One Hundred Days Before Your Divorce Trial
The trial in your legal divorce is approximately three months away. You must complete your wide-ranging search for useful information to ensure that the proof you will rely on will be available in court when you need it. Trial preparation is your prime concern for the last hundred days.
A series of windows will soon start closing, requiring you to take advantage of these "last chance" opportunities or never know what you may have missed—until it is too late. Learning something of these procedural demands and traps will help keep you from feeling like an outsider. Of course, you’ll be in a better position to participate in selecting trial objectives once you understand where you are headed.
At a minimum, this is a two-step process: first, you must find the information; and second, your attorney must meet the prerequisites to presenting documents and the testimony of witnesses in court. Often, your initial investigation discloses only the possible existence of useful information that then must be procured from another source and evaluated. Move quickly in following a paper trail, should that become necessary, to preserve your opportunity to ask the court for more time to deal with the truly unexpected.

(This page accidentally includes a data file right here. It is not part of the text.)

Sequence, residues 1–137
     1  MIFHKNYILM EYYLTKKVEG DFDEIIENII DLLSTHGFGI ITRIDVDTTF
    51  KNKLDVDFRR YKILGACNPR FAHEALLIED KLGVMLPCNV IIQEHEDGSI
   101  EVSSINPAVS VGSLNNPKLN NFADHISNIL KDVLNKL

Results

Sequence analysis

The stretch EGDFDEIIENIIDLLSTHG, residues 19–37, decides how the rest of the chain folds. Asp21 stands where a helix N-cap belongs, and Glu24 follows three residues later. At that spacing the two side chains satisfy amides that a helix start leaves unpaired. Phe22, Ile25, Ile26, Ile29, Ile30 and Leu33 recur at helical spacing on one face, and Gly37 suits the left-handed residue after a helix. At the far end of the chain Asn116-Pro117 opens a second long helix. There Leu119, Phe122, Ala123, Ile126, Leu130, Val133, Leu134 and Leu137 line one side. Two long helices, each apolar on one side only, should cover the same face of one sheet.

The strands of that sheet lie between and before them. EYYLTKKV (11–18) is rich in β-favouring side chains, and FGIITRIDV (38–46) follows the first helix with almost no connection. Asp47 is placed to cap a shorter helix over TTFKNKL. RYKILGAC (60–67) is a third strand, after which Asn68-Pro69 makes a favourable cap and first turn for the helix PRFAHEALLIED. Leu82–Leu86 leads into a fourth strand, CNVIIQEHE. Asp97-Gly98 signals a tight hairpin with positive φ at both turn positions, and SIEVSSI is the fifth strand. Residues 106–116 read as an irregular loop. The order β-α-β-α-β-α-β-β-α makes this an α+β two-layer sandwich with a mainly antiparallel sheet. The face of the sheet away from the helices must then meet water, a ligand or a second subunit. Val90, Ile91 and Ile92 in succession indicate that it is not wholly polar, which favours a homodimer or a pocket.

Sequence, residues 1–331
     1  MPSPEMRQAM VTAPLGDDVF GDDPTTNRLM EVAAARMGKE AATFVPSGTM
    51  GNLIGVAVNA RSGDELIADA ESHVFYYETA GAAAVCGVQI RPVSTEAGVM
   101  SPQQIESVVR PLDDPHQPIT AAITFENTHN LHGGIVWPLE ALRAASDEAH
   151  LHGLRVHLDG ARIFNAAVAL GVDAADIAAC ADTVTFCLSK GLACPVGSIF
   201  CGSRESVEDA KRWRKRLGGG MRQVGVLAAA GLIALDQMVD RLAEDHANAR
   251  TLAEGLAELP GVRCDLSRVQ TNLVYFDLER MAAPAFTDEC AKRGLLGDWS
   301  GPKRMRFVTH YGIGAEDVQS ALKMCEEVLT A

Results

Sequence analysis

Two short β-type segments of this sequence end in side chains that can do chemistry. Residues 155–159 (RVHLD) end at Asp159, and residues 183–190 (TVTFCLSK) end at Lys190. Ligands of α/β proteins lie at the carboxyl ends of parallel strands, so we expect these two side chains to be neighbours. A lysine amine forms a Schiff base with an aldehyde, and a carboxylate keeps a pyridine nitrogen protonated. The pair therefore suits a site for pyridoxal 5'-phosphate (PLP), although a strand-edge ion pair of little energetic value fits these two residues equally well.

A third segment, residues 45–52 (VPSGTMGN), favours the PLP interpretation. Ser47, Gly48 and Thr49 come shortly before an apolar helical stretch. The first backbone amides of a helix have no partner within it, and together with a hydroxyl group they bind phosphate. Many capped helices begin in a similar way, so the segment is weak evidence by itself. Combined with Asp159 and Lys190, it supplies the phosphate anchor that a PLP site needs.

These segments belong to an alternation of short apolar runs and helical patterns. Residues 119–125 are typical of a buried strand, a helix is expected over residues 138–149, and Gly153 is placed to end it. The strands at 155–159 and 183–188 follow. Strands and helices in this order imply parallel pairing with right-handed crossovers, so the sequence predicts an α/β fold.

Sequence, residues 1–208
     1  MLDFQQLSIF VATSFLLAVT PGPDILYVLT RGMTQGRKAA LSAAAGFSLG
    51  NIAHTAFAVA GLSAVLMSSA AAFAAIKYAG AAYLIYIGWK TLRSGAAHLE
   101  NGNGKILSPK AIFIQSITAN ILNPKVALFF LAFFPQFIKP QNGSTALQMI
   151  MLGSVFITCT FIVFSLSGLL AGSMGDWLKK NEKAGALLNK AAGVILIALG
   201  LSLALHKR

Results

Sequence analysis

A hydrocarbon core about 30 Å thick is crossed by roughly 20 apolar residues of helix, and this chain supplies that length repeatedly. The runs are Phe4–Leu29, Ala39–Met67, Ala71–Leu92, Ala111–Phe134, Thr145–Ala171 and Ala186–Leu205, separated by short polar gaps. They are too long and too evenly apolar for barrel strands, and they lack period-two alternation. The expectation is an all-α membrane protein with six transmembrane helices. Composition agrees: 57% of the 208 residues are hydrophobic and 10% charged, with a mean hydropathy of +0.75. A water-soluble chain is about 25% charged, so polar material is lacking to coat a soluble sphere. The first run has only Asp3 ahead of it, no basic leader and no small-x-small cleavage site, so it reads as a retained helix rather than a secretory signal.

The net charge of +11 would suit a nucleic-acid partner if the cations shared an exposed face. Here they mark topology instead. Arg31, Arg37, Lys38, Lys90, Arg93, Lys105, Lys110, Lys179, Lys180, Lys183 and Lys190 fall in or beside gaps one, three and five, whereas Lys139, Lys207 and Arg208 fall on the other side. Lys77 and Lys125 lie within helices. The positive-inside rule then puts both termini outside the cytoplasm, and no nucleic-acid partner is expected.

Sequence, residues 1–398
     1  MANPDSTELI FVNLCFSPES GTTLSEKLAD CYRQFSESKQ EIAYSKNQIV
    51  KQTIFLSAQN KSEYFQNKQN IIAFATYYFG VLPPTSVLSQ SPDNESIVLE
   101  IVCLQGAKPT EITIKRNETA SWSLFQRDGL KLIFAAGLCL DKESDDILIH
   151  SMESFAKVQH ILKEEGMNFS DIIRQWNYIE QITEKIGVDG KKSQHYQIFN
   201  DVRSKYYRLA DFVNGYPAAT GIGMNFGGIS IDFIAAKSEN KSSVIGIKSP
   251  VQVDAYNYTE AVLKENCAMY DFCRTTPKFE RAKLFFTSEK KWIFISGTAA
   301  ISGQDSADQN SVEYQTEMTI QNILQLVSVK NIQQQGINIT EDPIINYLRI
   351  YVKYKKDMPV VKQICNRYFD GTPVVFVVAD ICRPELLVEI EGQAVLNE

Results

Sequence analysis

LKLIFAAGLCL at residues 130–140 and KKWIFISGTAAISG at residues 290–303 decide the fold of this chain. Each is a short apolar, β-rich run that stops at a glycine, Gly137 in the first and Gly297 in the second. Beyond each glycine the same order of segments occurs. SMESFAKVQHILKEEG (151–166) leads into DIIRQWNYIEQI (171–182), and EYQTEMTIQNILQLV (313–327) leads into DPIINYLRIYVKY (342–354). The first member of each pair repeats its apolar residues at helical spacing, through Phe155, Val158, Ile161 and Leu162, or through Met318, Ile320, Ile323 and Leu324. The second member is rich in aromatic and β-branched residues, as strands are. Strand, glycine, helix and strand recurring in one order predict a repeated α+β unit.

The right to legally require by subpoena or demand documents or information from your spouse or other persons is generally cut off before the date of trial. All discovery must be completed, for example, by thirty days before trial. You will have to get discovery requests out two months before trial if the person receiving the request is given thirty days to respond.
You must choose experts you intend to use at trial and give them adequate time to do their work. Court rules usually require that experts you intend to use be designated no later than forty-five days before trial to give the opposition time to take the expert’s sworn testimony in a deposition. As with discovery, your last chance for picking experts occurs about two months before trial.
This is a short but vital interval in your case. Simply stated, your objective is to identify all useful information early enough to maximize your use of it. Your personal participation isn’t as great as in the chapters that follow this chapter, but it’s perhaps more important than ever for you to know what is occurring.
The first half of this chapter will walk you through the final steps of preparation. This work must be completed in advance of settlement discussions, not merely trial, to be of use to you.
Next, you’ll need to select your experts for use at trial. Give them time to complete their work, at least a month and usually two, before trial.